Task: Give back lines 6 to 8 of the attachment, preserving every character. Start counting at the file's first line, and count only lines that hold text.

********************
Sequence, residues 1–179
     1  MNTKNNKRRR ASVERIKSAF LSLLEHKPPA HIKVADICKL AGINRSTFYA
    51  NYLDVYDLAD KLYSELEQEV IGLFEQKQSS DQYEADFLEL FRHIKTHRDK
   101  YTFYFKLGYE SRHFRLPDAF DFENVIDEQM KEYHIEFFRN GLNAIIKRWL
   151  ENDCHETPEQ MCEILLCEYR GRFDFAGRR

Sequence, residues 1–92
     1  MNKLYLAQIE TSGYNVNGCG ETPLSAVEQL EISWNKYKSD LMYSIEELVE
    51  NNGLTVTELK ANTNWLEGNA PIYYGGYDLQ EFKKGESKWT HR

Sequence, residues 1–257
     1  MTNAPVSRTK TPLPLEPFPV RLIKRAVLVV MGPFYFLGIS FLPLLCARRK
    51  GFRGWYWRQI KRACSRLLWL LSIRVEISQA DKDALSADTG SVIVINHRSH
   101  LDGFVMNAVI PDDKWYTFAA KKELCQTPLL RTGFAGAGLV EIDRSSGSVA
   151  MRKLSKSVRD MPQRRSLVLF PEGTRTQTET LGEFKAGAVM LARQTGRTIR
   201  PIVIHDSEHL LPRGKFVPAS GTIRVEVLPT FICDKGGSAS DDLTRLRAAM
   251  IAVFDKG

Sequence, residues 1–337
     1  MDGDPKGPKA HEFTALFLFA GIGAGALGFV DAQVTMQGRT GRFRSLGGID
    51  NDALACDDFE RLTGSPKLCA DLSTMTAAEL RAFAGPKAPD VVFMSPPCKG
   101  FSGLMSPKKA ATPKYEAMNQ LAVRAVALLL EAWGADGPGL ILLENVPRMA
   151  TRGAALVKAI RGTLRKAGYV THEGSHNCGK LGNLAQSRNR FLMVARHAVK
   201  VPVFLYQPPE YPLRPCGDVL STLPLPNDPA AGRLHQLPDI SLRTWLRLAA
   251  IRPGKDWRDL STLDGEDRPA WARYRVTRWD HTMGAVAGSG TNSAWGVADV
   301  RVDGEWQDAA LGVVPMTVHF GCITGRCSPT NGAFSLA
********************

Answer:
Sequence, residues 1–92
     1  MNKLYLAQIE TSGYNVNGCG ETPLSAVEQL EISWNKYKSD LMYSIEELVE
    51  NNGLTVTELK ANTNWLEGNA PIYYGGYDLQ EFKKGESKWT HR